THE WEST BLOCK
Episode 52, Season 8
Sunday, September 1, 2019
Host: Mercedes Stephenson
Guest Interviews: Joe Oliver, Kai Chan, Michael Bernstein
Mercedes Stephenson: Climate change and the environment are set to be front and centre in the upcoming federal election campaign.
Extreme weather is being felt from coast to coast to coast. Damaging floods in the east, devastating forest fires in the west and searing heat waves in central Canada, leaving homes and lives destroyed.
Many climate scientists are drawing a link between extreme weather and climate change.
Last year, insured damage from severe weather events reached $1.9 billion, according to the Insurance Bureau of Canada.
For the first time ever, the Bank of Canada flagged climate change as a vulnerability for the national economy. But could Canada benefit from a warming climate?
It’s Sunday, September 1st. I’m Mercedes Stephenson, and this is The West Block.
Well, some Canadians are sounding the alarm on climate change, but others argue climate change may in fact lead to greater economic opportunities for Canada. From oil and gas developments in the Arctic to an extended growing season for food production, Canada’s former finance minister Joe Oliver, says it’s not all bad.
Mr. Oliver, thank you for joining us on the show.
Joe Oliver: Happy to be with you.
Mercedes Stephenson: You’ve penned a couple of controversial columns, one of which said that Canada would benefit from climate change. Can you explain to us why you think climate change is a good thing for Canada?
Joe Oliver: Well actually, I cited Moody’s Analytics which did an analysis of the impact of climate change on many countries around the world, and they concluded that with a 1 per cent increase in the temperature there’d be basically no change in Canada’s economy. If it started moving up to 2.5 or to 4 per cent, which is sort of extreme, then you’d get perhaps a .3 per cent increase in the economy of this country. So it’s not a lot, but the point is, it isn’t the dire catastrophe that you keep hearing about. Canada would in fact, be a beneficiary. But, we only represent 1.6 per cent of global emissions. And even if we devastated our economy, we would not have a measurable impact on where the global temperature would be in the year 2100. It would be less than one thousandths of 1 degree impact, so we can’t actually make a difference. So then we’re left with the final argument, which his well, we can’t do anything which would make a difference, but still, we should act as an example. And perhaps we can induce shame or create a kind of a moral imperative for other people. Well, that’s really a bit of a fantasy. If you look at the four largest emitters: United States, China, India and Russia who represent 57 per cent of global emissions, I mean they don’t—they’re not going to be influenced in any way by Canada. We’re missing an opportunity actually, to do something about something concrete and that is the whole issue of extreme weather. And we know that extreme weather is hurting the economy.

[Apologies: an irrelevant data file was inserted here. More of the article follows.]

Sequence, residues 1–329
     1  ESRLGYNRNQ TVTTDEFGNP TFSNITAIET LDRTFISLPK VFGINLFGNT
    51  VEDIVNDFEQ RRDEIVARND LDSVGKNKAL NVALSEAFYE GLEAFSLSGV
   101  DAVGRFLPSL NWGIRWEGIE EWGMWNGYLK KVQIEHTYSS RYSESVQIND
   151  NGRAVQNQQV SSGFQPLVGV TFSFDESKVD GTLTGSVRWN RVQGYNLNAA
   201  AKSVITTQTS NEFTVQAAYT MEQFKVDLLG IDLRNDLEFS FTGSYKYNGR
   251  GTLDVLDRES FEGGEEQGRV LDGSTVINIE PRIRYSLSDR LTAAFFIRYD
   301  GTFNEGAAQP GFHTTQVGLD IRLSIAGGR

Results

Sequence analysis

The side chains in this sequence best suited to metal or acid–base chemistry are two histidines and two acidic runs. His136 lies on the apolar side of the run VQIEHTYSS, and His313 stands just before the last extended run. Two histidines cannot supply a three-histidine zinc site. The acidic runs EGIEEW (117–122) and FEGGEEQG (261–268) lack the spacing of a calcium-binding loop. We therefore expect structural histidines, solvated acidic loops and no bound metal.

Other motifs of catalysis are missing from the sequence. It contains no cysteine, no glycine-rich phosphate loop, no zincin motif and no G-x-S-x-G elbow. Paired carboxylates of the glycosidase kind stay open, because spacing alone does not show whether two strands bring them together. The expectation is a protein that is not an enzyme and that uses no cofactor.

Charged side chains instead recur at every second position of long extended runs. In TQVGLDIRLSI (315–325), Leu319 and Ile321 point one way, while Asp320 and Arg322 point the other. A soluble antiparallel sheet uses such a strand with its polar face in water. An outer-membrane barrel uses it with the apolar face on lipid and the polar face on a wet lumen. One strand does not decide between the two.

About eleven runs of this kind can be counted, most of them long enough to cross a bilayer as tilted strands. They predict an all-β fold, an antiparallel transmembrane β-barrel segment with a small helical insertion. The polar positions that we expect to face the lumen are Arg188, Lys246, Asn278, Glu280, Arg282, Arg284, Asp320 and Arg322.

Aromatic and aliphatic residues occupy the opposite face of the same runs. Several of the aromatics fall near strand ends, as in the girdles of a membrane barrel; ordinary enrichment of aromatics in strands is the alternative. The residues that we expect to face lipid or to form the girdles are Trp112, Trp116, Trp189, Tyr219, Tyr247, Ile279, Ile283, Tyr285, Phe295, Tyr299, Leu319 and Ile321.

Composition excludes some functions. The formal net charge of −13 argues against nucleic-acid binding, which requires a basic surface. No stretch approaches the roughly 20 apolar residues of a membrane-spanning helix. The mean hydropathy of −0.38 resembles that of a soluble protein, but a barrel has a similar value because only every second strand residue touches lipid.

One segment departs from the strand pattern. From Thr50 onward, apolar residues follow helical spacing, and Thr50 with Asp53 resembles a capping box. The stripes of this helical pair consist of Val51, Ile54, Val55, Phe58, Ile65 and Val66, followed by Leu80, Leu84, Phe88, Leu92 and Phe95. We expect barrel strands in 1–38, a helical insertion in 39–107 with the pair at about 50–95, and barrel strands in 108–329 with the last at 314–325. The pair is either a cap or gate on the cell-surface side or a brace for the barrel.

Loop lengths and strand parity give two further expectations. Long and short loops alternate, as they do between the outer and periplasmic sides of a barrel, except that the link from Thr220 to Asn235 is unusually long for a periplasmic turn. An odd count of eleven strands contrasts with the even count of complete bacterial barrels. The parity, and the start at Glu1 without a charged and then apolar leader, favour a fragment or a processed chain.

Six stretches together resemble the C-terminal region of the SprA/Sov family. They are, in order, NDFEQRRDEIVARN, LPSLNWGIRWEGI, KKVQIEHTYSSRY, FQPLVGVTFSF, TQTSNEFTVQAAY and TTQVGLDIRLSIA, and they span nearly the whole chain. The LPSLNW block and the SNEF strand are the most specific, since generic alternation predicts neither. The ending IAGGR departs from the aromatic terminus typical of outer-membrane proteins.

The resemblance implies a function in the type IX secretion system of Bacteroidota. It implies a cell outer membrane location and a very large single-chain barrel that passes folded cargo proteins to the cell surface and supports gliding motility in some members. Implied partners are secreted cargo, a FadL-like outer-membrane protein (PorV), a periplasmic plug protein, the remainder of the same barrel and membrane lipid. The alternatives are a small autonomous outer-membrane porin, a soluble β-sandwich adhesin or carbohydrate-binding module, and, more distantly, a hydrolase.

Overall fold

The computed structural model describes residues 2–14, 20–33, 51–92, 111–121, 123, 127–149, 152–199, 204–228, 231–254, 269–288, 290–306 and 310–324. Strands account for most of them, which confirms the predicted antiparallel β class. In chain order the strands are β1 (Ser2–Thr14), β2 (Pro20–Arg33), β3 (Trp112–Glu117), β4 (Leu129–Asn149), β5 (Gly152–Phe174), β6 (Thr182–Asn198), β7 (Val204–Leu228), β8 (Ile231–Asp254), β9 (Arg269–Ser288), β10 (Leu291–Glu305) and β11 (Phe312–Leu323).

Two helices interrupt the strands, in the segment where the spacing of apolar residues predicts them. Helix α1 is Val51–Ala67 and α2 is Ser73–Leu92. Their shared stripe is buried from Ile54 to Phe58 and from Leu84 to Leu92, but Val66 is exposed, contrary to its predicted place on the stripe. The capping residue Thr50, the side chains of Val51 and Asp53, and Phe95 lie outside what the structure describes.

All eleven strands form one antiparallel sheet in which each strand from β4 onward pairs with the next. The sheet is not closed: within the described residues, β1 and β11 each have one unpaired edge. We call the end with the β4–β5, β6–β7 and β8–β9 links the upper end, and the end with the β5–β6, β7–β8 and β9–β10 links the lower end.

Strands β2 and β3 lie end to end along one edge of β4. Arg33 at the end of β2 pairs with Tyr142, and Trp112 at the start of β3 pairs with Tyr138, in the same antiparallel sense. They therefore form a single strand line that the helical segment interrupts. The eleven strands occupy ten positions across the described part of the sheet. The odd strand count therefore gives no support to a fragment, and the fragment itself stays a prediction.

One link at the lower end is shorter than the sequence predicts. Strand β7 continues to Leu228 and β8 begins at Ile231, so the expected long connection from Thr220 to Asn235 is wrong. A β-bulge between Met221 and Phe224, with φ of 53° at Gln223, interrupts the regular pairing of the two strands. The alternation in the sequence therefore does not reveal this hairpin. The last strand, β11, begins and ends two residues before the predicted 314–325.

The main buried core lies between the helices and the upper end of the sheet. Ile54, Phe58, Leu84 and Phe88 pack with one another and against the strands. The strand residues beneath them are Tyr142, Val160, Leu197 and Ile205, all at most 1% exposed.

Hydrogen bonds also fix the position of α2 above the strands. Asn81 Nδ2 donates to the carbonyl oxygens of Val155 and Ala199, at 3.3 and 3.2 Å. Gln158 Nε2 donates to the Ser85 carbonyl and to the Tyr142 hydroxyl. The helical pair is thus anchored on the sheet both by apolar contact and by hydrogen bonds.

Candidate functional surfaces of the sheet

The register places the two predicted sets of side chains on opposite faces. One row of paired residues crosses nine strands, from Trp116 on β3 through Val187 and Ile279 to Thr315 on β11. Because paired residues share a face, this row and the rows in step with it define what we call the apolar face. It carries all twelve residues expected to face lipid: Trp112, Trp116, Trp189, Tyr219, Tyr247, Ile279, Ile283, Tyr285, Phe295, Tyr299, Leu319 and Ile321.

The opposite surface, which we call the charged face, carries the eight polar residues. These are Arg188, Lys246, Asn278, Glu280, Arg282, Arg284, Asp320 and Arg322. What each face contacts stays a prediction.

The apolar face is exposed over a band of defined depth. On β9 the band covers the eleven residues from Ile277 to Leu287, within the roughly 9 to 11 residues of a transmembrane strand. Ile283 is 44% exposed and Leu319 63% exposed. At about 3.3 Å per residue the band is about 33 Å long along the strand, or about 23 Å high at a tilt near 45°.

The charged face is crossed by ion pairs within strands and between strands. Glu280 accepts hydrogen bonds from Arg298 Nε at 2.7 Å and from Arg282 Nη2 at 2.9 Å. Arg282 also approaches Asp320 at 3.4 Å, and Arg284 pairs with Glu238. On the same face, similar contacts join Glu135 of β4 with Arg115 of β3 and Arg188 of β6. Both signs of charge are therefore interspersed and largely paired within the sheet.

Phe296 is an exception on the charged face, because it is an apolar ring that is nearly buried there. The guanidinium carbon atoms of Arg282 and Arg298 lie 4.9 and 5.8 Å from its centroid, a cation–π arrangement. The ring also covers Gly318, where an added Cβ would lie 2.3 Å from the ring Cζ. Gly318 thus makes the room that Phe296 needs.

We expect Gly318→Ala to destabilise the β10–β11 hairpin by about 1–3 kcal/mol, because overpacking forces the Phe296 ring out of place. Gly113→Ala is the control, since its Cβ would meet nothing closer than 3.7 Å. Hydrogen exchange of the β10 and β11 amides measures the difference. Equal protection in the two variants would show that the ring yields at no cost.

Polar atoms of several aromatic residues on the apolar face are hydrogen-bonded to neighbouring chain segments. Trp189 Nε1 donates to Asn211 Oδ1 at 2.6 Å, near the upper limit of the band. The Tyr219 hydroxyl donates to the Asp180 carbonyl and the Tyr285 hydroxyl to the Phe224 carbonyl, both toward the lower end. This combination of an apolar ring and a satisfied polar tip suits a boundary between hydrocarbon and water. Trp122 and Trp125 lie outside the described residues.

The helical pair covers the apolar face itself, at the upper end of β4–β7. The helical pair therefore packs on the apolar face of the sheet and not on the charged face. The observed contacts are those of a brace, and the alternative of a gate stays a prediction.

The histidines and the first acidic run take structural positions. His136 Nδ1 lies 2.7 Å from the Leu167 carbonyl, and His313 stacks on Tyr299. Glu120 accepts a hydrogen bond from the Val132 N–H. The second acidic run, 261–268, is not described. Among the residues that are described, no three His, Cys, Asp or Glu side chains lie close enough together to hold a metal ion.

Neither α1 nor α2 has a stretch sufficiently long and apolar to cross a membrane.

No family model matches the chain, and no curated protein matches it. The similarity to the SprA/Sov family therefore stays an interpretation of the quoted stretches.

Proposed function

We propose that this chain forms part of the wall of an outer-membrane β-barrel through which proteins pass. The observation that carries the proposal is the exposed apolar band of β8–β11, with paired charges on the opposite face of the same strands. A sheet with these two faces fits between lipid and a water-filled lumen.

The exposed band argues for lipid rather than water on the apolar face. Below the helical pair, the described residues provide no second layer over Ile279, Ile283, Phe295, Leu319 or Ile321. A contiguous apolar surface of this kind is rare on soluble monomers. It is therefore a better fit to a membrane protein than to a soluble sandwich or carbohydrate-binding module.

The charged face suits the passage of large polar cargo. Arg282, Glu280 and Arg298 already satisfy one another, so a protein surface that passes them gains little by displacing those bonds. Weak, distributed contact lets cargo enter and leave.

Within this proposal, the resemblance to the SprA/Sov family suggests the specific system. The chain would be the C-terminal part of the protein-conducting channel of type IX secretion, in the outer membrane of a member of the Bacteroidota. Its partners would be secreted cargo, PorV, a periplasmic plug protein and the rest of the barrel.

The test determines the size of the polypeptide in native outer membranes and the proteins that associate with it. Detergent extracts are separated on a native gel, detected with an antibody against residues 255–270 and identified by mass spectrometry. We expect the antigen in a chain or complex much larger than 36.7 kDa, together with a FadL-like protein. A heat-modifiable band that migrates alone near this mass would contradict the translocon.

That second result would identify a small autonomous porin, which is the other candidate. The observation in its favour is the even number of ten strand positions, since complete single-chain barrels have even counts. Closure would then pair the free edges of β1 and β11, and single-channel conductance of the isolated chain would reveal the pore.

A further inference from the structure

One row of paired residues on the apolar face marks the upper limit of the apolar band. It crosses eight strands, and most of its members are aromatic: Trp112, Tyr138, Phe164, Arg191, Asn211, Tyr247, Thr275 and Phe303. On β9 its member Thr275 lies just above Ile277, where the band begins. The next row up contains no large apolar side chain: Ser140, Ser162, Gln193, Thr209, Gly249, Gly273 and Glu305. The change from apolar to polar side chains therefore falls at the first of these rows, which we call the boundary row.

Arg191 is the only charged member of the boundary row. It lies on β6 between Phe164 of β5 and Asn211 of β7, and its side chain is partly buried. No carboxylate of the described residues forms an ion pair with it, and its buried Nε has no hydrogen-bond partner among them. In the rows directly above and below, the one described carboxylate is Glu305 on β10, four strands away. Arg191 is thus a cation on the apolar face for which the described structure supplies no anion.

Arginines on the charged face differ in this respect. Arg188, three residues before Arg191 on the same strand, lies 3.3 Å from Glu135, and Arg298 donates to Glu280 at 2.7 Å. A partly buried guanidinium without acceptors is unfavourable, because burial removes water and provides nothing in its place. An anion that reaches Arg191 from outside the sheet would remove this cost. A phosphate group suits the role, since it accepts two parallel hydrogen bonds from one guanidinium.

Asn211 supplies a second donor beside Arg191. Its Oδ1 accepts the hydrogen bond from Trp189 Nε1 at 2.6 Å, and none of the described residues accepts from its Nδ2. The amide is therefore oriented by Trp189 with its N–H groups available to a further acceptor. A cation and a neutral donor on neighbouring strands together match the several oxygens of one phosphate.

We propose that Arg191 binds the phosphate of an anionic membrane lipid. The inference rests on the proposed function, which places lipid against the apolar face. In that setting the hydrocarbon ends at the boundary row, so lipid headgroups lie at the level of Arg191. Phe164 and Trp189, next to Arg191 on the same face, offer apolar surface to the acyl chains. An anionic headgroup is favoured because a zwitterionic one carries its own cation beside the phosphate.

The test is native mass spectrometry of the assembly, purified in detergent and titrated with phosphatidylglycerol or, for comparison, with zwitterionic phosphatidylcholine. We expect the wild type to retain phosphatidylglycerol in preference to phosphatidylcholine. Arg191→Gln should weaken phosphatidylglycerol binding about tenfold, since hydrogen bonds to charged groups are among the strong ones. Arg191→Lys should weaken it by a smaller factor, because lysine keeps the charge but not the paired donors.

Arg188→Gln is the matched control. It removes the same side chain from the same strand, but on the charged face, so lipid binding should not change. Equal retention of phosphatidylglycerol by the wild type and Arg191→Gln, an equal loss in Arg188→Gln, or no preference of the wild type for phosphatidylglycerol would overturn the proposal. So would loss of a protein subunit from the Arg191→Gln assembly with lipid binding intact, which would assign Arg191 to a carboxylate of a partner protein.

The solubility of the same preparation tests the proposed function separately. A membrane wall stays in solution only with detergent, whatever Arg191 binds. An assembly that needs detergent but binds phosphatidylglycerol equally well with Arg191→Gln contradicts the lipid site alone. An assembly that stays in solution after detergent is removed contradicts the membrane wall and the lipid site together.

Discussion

Mercedes Stephenson: But there are those who would say it’s all well and good to pour money into the infrastructure and to try to deal with these extreme weather events, but if you’re not dealing with underlying causes like climate change, then you’re pouring money down a black hole. What would you say to them?